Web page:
What are the characteristics of tarsier? Information about the features, living habitat of tarsier primate.
TARSIER, an arboreal, rat-size primate related to the lemur but considered as representative of an intermediate stage between lemurs and the higher primates (monkeys, apes, and man). The three species of tarsier are found in rain forests, dense bamboo thickets, or secondary jungle growth, usually at low altitudes. They occur in the Philippines ( Tarsius syrichta ), on Sumatra, Borneo, and adjacent smaller islands ( T. bancanus ), and on Celebes and adjacent smaller islands ( T. spectrum ).
The tarsier has a rather squat body with long hind legs and a long, nearly hairless, nonprehen-sile tail. The tips of the fingers and toes are expanded into soft, flat pads, enabling the tarsier to cling to almost any surface. All but the second and third toes, which have claws used in grooming, bear flat nails. The head is broad and rounded and can be turned through 180 degrees, permitting the tarsier to look straight backward. The ears are large and hairless. The eyes are enormous, in proportion to total body size being three times larger than those of any other primate. Tarsiers range from 3 1/3 to 6 1/4 inches ( 85-160 mm ) in total body length, plus a tail 5 1/3 to 10 3/4 inches (135-274 mm) long, and from 3 to 6 ounces (80-165 grams) in weight. The coat is short, dense, and silky and gray-brown in color.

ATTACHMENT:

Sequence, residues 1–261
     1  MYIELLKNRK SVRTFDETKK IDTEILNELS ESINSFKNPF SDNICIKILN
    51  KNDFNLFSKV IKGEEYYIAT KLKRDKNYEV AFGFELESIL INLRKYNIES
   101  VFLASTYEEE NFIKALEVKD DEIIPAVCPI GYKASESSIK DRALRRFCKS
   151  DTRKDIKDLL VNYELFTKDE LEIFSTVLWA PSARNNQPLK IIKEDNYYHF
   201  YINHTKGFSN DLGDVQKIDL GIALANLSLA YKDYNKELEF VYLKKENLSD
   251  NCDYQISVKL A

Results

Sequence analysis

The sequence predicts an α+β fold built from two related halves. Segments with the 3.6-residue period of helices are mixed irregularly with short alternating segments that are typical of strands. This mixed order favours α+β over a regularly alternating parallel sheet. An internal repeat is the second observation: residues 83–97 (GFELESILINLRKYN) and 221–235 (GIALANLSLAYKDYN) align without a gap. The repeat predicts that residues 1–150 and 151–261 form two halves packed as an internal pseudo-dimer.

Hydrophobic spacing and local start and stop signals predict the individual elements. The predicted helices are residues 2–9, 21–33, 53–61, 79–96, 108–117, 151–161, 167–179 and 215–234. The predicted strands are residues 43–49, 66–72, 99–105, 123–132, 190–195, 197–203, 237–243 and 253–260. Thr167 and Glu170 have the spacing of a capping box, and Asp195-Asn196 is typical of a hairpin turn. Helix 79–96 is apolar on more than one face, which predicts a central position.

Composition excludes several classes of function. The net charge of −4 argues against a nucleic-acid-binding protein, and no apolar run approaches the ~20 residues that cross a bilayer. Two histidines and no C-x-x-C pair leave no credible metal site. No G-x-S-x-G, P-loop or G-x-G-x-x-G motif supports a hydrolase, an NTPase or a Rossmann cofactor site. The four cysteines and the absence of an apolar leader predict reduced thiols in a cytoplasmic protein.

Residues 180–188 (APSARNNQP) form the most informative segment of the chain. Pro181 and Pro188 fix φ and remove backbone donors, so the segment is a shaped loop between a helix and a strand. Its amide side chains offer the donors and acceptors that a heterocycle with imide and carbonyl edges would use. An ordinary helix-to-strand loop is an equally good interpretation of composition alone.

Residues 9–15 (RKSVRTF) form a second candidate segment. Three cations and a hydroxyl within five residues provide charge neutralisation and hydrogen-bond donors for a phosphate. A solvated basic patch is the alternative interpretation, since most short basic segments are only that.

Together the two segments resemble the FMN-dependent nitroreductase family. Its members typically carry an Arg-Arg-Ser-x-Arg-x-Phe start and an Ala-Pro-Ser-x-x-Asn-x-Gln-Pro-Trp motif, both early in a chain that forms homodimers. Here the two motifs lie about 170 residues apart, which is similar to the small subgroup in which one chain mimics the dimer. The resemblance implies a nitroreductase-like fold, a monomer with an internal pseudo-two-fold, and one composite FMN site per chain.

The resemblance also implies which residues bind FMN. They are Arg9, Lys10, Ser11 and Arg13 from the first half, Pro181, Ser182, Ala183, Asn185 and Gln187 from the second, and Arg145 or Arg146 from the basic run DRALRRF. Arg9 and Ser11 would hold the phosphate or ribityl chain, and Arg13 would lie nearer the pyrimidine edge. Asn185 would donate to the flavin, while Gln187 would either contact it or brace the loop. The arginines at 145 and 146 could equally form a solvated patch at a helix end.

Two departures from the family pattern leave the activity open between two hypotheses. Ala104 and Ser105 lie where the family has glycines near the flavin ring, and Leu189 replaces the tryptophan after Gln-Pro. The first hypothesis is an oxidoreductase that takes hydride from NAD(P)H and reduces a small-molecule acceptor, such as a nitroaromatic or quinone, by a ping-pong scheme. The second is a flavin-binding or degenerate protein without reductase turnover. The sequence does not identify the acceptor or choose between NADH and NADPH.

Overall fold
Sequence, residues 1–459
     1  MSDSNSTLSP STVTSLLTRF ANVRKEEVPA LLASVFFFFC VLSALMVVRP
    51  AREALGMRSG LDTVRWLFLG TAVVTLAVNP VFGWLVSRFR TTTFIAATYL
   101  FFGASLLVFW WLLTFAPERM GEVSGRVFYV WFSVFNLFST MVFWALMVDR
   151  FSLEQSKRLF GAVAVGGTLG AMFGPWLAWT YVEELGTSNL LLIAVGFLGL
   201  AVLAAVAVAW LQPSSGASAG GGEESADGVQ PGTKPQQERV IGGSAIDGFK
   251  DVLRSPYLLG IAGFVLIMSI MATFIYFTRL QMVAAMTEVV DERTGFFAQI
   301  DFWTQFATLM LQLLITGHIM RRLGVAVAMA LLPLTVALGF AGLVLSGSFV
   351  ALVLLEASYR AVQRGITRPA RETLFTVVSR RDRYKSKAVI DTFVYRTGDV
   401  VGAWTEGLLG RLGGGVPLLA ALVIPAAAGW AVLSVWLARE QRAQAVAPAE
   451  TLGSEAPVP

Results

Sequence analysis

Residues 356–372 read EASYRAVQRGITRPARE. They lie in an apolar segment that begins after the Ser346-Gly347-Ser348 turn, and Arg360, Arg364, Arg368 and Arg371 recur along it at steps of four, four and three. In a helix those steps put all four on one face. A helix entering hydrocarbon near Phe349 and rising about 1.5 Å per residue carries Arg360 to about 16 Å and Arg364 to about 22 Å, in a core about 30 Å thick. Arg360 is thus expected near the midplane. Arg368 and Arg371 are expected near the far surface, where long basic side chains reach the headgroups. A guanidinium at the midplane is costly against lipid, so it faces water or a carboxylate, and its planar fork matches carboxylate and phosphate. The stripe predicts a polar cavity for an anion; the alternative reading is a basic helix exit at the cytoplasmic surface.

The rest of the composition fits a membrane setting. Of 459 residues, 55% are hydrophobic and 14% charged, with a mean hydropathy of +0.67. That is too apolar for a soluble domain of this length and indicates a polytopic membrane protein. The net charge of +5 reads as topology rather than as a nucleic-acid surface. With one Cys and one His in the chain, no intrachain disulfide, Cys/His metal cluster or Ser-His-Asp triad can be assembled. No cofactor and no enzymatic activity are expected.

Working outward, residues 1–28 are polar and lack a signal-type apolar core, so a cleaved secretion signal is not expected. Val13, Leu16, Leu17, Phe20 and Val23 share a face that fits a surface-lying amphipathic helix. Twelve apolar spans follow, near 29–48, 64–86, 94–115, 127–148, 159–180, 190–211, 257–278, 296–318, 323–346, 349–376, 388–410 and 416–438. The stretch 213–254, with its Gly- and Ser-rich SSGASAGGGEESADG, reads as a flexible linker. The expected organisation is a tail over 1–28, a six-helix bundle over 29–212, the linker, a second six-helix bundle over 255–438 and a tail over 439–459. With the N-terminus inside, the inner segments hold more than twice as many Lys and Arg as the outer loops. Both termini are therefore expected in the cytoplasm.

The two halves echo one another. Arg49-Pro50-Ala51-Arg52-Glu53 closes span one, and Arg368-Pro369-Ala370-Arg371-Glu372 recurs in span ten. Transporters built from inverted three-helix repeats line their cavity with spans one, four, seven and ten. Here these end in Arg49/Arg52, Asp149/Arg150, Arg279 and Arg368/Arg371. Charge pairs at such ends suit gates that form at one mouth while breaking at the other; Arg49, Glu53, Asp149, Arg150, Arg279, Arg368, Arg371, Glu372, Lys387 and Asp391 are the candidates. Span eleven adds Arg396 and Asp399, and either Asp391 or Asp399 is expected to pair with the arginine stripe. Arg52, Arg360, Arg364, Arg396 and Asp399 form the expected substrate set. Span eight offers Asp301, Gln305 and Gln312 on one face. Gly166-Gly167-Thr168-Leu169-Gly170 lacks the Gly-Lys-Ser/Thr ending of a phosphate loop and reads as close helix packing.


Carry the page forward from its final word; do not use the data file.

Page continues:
Tarsiers are nocturnal, spending the day hidden in dense vegetation and emerging at night to feed on insects, spiders, and lizards. Though rather clumsy when walking on all fours, tarsiers can leap about with great agility. They can jump as far as 6 feet (1.8 meters) from tree trunk to tree trunk and nearly this distance in froglike hops on the ground.
Tarsiers are usually seen in pairs and rarely singly or in groups of three or four. Breeding occurs throughout the year. Gestation is believed to be about 6 months, after which a single young is born. A tarsier is known to have lived 12 years in captivity.